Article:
In 1996, the Centre for Economic Policy Research published Economic Growth in Europe Since 1945, edited by Nick Crafts and Gianni Toniolo. At times like now, it’s supremely useful to remind oneself of the historical perspective. The chapter on Spain (by Leandro Prados de los Escosura and Jorge C Sanz) suggests the country’s story is one of sustained long-run underperformance.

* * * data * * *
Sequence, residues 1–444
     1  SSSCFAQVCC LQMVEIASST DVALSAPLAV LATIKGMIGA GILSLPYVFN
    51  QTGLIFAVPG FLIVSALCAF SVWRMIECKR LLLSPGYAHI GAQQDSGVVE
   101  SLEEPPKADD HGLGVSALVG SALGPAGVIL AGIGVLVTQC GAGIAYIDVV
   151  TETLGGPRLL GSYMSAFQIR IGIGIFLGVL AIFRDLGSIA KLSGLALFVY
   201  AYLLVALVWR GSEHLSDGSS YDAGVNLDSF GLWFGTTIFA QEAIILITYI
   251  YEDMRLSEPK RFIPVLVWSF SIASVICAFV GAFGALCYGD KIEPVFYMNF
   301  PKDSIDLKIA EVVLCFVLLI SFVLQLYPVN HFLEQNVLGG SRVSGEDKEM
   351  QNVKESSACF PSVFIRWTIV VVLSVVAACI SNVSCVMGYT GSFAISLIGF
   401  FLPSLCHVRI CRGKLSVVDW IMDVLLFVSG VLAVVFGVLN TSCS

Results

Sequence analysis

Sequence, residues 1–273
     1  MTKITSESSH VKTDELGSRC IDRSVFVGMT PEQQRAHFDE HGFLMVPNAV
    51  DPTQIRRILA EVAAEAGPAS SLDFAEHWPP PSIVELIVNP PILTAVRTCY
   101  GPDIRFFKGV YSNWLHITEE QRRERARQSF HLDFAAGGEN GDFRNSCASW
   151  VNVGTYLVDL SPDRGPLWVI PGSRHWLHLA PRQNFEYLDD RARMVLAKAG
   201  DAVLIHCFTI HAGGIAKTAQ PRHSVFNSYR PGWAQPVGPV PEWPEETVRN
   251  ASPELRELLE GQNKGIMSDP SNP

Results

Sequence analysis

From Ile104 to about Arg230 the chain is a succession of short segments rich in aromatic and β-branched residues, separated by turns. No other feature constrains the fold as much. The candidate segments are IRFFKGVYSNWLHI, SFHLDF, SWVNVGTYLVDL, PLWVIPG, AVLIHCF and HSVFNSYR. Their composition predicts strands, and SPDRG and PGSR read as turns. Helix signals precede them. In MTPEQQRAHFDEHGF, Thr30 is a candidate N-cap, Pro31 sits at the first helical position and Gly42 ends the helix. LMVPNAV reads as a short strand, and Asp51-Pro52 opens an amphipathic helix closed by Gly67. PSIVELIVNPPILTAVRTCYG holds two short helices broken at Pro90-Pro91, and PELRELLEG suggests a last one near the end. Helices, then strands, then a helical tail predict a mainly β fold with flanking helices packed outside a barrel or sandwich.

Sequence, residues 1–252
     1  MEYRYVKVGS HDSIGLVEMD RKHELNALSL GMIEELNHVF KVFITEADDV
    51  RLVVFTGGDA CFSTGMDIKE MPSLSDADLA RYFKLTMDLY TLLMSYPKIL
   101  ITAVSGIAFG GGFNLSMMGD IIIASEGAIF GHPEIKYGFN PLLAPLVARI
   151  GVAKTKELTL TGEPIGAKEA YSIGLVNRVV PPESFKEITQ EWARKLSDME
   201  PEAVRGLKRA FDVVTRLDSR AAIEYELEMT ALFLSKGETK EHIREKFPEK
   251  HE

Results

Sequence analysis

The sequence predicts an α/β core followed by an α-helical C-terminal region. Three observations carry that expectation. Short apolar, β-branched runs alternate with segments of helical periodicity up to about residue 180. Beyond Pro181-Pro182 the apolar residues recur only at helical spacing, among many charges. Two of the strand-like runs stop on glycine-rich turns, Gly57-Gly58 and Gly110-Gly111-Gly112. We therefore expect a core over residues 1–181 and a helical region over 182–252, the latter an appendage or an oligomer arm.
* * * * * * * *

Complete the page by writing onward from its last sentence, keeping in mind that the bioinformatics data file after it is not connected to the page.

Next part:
The authors identify just two periods when Spain grew faster than other large economies: the 1960s, and the years from 1986-93. The former they attribute to a delayed post-war reconstruction, much slower in Spain than elsewhere because of the political context. The latter reflects structural reforms and access to European markets after Spain joined the EU. Over the longer period, however, there is only one of the comparator countries with a weaker trend economic growth rate than Spain – and that’s the UK. Uh oh – but at least we recapitalised our banks quickly.